David A Mitchell / Flickr Creative Commons

America’s bird population is in decline. Some studies show that as much as 30% of the population across species has been lost. So, what is to blame for this shocking loss of birds?

New research from universities, including Boise State University, is painting a more complete picture of what is causing the decline. Two of the factors — light pollution and noise pollution — are human-caused.


This interview originally aired on Sept. 1, 2020.

The Eastern Snake Plain Aquifer is a critical drinking water source for southern and eastern Idaho. More than 300,000 Idahoans rely on the natural underground storage to provide clean, safe water every day. But due to a combination of farming and agricultural practices in the Magic Valley, the water source is in danger of contamination. 

Idaho Fish and Game, Deer, hunting, hunt
Idaho Department of Fish and Game

Sales of hunting and fishing licenses are up dramatically across the country due to the pandemic and Idaho is no exception.

The Interior Department is facing criticism for putting up barriers to conservation projects nationwide funded through the new Great American Outdoors Act.

Ed Cannady / Idaho Salmon Partnership

This interview originally aired on Sept. 3, 2020.

North of Ketchum and south of Stanley is a large alpine lake full of cobalt blue water. The beauty of Pettit Lake is stunning, but under the water lies a long and deep struggle for the survival of Snake River sockeye salmon.

Back in 2018, the U.S. Geological Survey and several Western states formed the Corridor Mapping Team, a first-of-its-kind collaboration among state and federal wildlife biologists to map ungulate migrations.

Last week, the team published its first volume of maps, which document more than 40 big-game migration routes in Arizona, Idaho, Nevada, Utah and Wyoming.

Preacher Fire, Wildfires, Blaine County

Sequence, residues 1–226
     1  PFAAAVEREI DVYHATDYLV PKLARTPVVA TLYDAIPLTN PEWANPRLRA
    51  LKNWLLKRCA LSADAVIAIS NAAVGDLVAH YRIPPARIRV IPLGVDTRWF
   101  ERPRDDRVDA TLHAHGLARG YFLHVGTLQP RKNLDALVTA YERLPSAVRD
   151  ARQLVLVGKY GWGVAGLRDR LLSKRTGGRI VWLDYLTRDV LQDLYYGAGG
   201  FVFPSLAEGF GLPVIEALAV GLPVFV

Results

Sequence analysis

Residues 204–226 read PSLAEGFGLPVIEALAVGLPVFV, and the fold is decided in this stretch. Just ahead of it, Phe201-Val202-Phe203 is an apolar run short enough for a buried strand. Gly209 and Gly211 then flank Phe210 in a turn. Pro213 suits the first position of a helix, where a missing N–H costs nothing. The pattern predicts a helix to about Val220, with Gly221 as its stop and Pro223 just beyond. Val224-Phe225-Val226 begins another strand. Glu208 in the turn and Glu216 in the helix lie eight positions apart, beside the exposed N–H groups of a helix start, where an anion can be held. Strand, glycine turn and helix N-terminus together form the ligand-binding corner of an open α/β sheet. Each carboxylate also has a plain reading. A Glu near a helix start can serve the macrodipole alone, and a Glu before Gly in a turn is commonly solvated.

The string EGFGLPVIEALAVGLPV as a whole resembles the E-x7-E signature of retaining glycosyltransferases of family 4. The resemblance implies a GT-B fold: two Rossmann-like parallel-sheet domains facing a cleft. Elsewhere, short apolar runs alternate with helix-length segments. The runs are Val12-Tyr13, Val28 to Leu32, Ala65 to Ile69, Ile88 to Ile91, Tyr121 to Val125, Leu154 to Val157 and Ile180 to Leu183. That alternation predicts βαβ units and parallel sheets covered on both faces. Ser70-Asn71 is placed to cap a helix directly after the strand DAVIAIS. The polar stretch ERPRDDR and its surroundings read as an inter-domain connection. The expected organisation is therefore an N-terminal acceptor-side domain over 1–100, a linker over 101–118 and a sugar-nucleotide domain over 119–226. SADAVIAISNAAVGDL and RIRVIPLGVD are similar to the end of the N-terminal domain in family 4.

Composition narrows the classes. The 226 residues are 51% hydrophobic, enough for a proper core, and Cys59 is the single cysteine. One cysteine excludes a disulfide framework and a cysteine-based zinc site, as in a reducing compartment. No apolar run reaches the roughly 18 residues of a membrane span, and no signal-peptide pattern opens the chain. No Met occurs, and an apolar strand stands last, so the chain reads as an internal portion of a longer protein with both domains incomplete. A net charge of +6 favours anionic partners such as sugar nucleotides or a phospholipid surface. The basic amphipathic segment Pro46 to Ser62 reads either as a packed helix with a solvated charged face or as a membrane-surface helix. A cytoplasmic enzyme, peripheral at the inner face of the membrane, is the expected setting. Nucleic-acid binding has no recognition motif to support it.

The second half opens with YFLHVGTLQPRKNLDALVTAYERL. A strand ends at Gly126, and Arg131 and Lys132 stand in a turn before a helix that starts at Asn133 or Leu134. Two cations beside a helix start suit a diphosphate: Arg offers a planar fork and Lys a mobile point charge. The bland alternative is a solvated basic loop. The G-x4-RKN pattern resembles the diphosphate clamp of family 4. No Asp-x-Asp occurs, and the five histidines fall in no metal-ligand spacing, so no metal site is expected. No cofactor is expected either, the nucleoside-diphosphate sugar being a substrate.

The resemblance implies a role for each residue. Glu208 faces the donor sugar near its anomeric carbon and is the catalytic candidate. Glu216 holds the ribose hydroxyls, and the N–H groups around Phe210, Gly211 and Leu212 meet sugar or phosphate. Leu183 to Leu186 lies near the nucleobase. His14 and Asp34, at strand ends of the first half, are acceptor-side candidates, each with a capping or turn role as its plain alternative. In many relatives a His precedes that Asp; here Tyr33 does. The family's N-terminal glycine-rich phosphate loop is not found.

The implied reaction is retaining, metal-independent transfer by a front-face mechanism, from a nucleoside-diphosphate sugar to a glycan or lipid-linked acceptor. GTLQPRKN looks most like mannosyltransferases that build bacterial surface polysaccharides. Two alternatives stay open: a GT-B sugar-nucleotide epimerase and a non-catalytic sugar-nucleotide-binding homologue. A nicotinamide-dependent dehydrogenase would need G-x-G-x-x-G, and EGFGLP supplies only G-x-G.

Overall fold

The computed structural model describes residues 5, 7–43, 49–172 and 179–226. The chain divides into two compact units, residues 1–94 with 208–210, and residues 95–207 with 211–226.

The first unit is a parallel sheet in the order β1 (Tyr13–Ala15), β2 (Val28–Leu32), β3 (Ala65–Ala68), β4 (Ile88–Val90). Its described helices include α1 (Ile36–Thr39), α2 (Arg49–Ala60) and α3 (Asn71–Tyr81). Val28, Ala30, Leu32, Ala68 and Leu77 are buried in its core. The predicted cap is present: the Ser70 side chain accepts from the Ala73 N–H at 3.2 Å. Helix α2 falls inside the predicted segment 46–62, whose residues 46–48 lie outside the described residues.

Blaine County Sheriff's Facebook Page


This year was historic for wildfires. Smoke from western states was detected across the United States and as far as Europe. As climate change continues to worsen our fire seasons, it’s critical to understand how this smoke impacts our health and how to best protect ourselves from this smoke. 

1963 North Cascades Study Team investigation / National Park Service

This interview originally aired Aug. 18, 2020.

Back in 1966, a mining company had a plan to develop an open-pit mine in the North Cascade Mountains of Washington state. Endangering the Glacier Peak Wilderness Area, local and national conservationists got to work. 

via Heidi Ware Carlisle

The Idaho bird watching community is close. That’s why last year, when a rare bird made a stop at one bird enthusiast’s house, dozens of their birding friends stopped by to check it out.

via Lonesome Larry Project


This interview originally aired Oct. 1, 2020.

Last winter, we introduced you to a Boise middle school student behind the “Lonesome Larry Project, a project by Topher Jones to save the sockeye salmon. His approach? Selling socks. 

In just one year, Topher has raised more than $12,000 to protect the sockeye and other threatened fish in the western United States.

Jacob W. Frank / NPS

The U.S. Fish and Wildlife Service removed protections Thursday for the gray wolf under the Endangered Species Act in the lower 48 states.

Dan Dzurisin / Flickr Creative Commons